Gray and his colleagues found their participants held similar intuitive beliefs about the fates of deceased good, bad or neutral historical figures: they were more likely to see good souls as living in a transcendent state, wicked souls as trapped, and neutral souls as slightly less free than good ones but freer than bad ones. 

The reverse inference also held: reading about someone who had recently died and whose spirit had left the earthly realm and moved beyond space and time prompted participants to infer that this must have been a good person, while the converse led them to think the person must have been bad. 

Similarly, participants inferred that spirits inhabiting expansive locations, like hot deserts , arctic tundra or mountaintops, were more benevolent than those living in more confined locations, like a narrow trench,underground cave or tent in the woods, irrespective of how pleasant those locations were deemed.

Such inferences might explain why paranormal events are typically chalked up to malevolent spirits. The researchers asked more participants to imagine being in the house of someone recently deceased and that they felt a strange sensation as their spirit passed by. After reading these stories, people tended to view this spirit as malevolent, as a trapped spirit must be a bad spirit.

In explaining their findings, Gray’s team suggest that seeing good souls as free and transcendent and bad ones as confined and trapped stems in part for a basic desire for justice, with bad souls ending up in a spiritual prison and less able to roam and harm others. Such a desire may also receive a cognitive boost from the fact that notions of good and evil are metaphorically associated with ideas of lightness and airiness, and darkness and constriction, respectively.

The results did not appear to depend on whether participants already held religious beliefs about the afterlife – the same patterns were found regardless of their stated faith or supernatural belief, suggesting that our folk intuitions about immortality tend to overpower any formal belief systems that we claim to subscribe to. “These ways of thinking are very intuitive, and overcoming them takes effort,” says Gray.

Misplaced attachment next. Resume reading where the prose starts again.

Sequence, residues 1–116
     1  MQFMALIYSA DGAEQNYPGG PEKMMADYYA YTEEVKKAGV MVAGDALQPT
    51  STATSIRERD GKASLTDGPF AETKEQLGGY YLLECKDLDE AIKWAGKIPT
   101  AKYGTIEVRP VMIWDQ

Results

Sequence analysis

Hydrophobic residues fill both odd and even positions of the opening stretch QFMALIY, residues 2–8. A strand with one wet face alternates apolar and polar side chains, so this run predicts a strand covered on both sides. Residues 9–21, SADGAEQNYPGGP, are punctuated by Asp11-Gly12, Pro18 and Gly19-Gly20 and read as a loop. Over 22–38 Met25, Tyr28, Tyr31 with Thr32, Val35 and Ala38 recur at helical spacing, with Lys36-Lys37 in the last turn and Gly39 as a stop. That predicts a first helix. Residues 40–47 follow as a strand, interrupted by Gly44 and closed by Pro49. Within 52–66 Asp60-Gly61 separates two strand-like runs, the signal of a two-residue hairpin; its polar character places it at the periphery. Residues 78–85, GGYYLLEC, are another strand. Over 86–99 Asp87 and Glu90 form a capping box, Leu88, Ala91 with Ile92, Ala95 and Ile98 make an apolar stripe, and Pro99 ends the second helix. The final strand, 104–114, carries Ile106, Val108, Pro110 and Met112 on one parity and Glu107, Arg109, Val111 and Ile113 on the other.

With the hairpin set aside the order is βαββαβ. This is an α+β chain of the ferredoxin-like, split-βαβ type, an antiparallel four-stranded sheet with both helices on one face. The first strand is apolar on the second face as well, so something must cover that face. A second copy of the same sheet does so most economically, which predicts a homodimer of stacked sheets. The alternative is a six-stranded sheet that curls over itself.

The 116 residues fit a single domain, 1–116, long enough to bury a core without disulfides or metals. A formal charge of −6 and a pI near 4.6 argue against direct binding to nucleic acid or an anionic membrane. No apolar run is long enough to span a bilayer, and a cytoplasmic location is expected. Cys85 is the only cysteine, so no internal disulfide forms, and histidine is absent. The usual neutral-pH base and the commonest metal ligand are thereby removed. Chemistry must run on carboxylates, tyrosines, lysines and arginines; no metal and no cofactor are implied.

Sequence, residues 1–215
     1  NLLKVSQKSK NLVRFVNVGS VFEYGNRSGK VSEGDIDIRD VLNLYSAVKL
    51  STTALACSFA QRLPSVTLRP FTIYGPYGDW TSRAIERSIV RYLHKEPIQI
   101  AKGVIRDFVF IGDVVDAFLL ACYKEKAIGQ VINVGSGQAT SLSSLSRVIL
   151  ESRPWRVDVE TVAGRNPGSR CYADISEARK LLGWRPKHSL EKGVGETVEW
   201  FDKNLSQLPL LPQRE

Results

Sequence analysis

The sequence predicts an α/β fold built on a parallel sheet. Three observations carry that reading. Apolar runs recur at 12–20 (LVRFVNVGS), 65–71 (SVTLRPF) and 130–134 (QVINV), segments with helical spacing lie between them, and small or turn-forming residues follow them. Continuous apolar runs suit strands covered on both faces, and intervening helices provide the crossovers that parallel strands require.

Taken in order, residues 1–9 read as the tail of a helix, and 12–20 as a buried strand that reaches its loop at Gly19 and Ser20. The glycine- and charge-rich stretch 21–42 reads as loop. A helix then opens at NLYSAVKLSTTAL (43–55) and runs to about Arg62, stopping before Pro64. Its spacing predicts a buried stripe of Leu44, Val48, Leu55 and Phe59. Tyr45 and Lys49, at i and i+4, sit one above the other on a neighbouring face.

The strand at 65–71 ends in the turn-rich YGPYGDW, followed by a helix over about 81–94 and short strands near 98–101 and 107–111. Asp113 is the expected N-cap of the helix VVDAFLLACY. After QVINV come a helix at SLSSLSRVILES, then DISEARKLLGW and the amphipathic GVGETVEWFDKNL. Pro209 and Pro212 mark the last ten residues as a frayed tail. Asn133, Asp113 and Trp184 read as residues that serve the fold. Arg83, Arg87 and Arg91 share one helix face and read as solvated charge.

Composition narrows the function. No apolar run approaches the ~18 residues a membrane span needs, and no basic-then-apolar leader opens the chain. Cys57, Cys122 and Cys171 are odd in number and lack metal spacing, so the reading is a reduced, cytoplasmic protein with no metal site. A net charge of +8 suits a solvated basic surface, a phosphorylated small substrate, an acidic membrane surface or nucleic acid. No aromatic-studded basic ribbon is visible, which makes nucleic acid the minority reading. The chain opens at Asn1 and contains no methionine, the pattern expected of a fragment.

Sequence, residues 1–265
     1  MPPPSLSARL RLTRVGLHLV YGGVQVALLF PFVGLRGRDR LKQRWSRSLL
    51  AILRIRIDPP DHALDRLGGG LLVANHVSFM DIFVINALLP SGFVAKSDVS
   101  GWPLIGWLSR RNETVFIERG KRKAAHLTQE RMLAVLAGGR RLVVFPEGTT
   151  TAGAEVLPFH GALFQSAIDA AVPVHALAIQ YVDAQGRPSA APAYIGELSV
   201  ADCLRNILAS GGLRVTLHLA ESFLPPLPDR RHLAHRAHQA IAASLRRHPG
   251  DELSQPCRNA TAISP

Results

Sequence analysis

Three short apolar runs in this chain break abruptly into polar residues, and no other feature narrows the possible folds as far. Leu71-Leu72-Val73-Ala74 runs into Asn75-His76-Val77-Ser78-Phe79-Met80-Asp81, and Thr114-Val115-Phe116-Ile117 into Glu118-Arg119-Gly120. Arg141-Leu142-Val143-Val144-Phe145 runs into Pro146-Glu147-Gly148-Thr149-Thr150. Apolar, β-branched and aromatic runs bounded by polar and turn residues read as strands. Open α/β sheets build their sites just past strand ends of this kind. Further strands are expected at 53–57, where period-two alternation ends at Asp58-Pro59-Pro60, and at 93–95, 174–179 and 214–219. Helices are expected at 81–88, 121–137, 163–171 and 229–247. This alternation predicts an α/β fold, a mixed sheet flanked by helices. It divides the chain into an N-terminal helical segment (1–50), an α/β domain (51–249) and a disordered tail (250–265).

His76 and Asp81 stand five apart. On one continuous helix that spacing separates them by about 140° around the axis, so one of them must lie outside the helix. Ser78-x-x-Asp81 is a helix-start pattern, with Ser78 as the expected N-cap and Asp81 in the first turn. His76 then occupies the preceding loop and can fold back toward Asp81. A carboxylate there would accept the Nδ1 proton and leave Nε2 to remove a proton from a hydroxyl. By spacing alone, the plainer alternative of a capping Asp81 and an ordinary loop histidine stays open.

One caveat to these studies concerns the fact that the participants were from a Western, educated, industrialised, rich, democratic (WEIRD) society. Psychological insights generated from WEIRD participants do not always generalize to other cultures, and in this case beliefs about reincarnation may have been under-represented. But Gray and colleagues argue that the cross-cultural similarities in the beliefs about the afterlife that inspired the research suggest that the new studies tap into a universal aspect of our psychology.

Gray is currently writing up the results of follow-on studies in which he looked at how the state of someone’s mind at the point of death – say, whether it was at the peak of health or wracked by dementia – affected how participants perceived its prospects for immortality. So while we may not ever be able to achieve literal immortality, at least we may soon know what it takes for others to think we’re immortal.

To be immortal, do good or evil

Image: Milton’s Paradise Lost – Hell at last, Yawning. Vintage engraving by Gustave Dore, from Milton’s Paradise Lost. Hell at last, Yawning, received them whole.

Post written by Dan Jones (@MultipleDraftz) for the BPS Research Digest. Dan is a freelance writer based in Brighton, UK, whose writing has appeared in The Psychologist, New Scientist, Nature, Science and many other magazines. He blogs at